I was disappointed and starving. I left the Laguna aid station running but after a mile or so, I simply could not get my legs to move faster than a fast walk. I kept thinking that once the potato starch hit them they would pep-up, but they remained lead weights. Since I’d initially planned to make the 52k mark in ~7hrs I’d left the bulk of my Gu and Tailwind supply on the bus that was supposed to be waiting there. But now I was a couple hours and several hundred calories behind. Christian and his crew caught up to me and when I admitted I was ravenously hungry and had nothing left to eat they kindly shared a couple Gu packets with me . . . it was enough to keep me moving forward, albeit very slowly, for the last five miles. At about 2:45pm I was the last of the 53k racers to finish. I ate the three remaining bananas on the table and the volunteers started packing up the finish line as soon as I sat down.
I was incredibly grateful that I got to run as much of the course as I did, but I was sad that I got off-route and missed out on running and finishing with the group. In the end, nine of the 40 runners continued on to complete the 100k course, five of those were Tarahumara men. Silvino Cubesaré was the first man to finish with a time of 11hrs 15 mins and Katelyn Tocci , an American living in Costa Rica, was the first female in 13hrs 32mins.
I stuffed myself into the cab of the volunteer truck, along with several water coolers, the inflatable finish line and a lifetime’s supply of Red Bull. We were headed to El Rodeo to meet up with the rest of the runners who had already been bused to the 100k finish line. On the way there the volunteer crew decided to stop for food at a roadside café.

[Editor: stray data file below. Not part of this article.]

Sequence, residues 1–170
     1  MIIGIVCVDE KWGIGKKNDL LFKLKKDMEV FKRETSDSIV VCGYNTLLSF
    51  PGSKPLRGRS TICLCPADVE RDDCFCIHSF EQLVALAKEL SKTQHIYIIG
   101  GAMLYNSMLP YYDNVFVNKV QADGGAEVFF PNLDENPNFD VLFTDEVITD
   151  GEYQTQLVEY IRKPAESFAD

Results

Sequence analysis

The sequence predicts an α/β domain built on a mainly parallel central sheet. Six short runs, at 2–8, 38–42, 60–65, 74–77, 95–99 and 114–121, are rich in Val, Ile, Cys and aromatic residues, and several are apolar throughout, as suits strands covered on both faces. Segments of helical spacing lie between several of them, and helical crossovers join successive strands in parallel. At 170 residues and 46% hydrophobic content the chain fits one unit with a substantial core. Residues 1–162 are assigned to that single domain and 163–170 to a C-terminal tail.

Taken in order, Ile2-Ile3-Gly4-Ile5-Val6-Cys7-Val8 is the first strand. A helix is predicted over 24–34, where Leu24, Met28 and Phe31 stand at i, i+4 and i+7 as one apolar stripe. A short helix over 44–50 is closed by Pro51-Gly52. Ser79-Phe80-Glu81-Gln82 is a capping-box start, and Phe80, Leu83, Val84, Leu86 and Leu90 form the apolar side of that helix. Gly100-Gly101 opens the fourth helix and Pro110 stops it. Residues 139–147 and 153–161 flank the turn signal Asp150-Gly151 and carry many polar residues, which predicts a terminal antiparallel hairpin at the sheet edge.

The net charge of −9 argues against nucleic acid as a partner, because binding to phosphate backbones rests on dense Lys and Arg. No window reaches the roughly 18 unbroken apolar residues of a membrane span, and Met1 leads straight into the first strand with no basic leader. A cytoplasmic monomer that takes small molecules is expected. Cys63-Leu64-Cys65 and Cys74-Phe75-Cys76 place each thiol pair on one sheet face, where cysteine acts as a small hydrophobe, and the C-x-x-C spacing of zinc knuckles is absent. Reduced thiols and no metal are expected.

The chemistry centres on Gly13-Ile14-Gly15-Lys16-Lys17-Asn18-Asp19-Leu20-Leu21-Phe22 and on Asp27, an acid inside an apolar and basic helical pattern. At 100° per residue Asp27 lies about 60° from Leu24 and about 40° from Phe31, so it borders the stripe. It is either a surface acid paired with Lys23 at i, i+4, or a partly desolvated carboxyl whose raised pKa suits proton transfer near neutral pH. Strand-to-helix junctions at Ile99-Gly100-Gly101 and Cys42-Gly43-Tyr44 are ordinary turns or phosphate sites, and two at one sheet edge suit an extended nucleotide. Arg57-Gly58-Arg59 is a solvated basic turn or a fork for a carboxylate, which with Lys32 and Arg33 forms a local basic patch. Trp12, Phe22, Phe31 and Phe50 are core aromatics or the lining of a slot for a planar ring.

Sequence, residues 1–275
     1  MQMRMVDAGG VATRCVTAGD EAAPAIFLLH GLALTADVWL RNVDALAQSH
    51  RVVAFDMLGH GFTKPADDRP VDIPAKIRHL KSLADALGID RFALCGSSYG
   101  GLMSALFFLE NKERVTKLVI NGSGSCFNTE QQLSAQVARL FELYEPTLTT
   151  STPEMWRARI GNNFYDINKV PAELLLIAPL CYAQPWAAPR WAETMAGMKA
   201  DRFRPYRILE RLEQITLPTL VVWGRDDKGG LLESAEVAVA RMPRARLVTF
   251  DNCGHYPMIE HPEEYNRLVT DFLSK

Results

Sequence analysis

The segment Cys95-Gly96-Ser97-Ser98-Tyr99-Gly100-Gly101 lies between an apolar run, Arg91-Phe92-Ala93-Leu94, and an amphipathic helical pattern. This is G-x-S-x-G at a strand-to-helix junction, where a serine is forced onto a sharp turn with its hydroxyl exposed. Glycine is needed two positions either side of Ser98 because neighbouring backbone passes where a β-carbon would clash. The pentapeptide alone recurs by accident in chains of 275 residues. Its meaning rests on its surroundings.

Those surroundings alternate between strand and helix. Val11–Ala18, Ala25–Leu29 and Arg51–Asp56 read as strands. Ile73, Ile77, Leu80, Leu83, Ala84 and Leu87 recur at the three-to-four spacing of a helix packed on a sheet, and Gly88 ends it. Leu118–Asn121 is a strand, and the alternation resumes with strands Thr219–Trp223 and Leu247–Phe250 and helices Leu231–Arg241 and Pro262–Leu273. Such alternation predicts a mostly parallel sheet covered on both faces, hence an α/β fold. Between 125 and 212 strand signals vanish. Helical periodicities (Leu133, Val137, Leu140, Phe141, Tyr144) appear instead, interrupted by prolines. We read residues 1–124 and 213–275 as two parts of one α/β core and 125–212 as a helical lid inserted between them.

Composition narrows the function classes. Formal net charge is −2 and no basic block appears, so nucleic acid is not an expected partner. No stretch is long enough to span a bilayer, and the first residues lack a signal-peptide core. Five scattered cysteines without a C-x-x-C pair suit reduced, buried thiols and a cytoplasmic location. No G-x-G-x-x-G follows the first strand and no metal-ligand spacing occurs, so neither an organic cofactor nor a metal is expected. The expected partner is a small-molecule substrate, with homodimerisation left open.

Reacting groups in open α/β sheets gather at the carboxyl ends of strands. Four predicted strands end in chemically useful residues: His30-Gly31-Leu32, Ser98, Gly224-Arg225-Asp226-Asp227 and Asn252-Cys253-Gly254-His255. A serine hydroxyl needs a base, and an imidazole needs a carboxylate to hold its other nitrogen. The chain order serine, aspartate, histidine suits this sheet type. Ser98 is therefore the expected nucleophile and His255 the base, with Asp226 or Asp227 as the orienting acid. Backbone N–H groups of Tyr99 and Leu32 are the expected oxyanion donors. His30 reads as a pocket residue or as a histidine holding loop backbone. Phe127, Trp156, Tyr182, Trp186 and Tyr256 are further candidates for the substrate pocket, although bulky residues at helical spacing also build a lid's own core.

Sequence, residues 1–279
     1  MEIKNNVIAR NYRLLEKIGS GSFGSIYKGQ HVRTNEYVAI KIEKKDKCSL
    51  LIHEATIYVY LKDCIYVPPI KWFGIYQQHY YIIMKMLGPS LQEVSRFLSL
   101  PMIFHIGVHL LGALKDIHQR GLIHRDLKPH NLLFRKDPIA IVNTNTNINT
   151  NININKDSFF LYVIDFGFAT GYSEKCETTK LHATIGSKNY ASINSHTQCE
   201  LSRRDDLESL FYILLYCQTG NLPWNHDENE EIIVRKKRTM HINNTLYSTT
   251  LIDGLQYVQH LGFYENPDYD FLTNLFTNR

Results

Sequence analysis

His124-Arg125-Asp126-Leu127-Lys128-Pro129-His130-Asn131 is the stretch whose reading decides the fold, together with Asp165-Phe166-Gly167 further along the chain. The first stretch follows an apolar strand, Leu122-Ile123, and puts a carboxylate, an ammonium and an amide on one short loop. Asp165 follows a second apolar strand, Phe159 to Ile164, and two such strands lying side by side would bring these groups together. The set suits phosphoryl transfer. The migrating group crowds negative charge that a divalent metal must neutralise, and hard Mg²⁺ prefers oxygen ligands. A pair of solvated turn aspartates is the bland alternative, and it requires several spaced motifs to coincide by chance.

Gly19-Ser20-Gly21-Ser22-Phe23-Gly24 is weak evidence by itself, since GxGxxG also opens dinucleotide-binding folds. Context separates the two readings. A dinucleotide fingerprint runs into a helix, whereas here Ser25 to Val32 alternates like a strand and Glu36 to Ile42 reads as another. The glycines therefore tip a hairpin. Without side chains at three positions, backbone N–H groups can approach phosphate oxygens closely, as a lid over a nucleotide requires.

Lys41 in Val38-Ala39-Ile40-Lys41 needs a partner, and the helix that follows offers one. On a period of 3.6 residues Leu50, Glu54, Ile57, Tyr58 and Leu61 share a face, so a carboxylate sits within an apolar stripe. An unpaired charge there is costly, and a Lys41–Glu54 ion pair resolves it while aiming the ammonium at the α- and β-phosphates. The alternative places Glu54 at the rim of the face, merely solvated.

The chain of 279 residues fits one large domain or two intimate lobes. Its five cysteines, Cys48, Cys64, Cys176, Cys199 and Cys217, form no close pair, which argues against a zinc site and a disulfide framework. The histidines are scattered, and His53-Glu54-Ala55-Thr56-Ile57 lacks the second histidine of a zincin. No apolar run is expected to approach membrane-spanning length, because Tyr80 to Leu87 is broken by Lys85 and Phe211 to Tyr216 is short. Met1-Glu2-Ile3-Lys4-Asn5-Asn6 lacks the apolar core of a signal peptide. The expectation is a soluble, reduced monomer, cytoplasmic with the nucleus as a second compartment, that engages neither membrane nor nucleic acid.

I just about passed out! I had no money on me and I knew a gourmet post-race meal was waiting for me at El Rodeo but who was I to deprive these hard working volunteers of their chicharrónes! Another hour passed as we wound our way (lost) through the narrow foggy mountain roads . . . finally arriving at El Rodeo as the first Tarahumara men were crossing the 100k finish line. I gratefully crawled out of the truck and unfolded myself at the bar where the host and chef at Hacienda El Rodeo promptly handed me a steaming bowl of bone broth and beef parts and two cold bottles of Imperial. Pura Vida!
Over all, La Ruta Run was a fun and challenging race. Any runner that takes on this course needs to be a confident and self-sufficient runner. Aid stations are 10-18 miles apart, and some parts of the trail are only accessible by foot and horseback. The indigenous runners didn’t carry much – just one water bottle each and some pinole (and of course Dave James ran as naked as was practical). But most of us carried larger than average running packs with fancy hydration systems, extra food, clothing and headlamps. I took my favorite super-light Ultimate Direction AK pack, a ziplock bag full of Tailwind drink mix and a dozen Gu packets. I forgot my hydration hose, hence the two ½ liter water bottles strapped to my chest. Next time I would double the amount of calories I carry with me . . . and with the exception of the water bottles I would keep my gear the same. I loved my white Columbia arm sleeves and I used a bandana around my neck – which I dunked in every stream crossing to keep cool. My new shoes worked well even with the pile of volcano pebbles I accumulated at each stream crossing. At size 12, I’m maxing out my potential in the women’s shoe world, and my hot, swollen feet quickly filled the extra space. I ended up down four toenails, but the rest of my body remained intact and pain-free. I consider that a huge success!
More About La Ruta Run 2013:
Running with Tarahumara Women (an article I wrote for the Natural Running Center)
El Heraldo de Chihuahua (pre-race PR)
El Heraldo de Chihuahua (post-race report)
UPDATE: here’s a lovely video slide show of the race. You won’t see much of me because between my invisible cape and my incredible speed, I was hard to capture on film!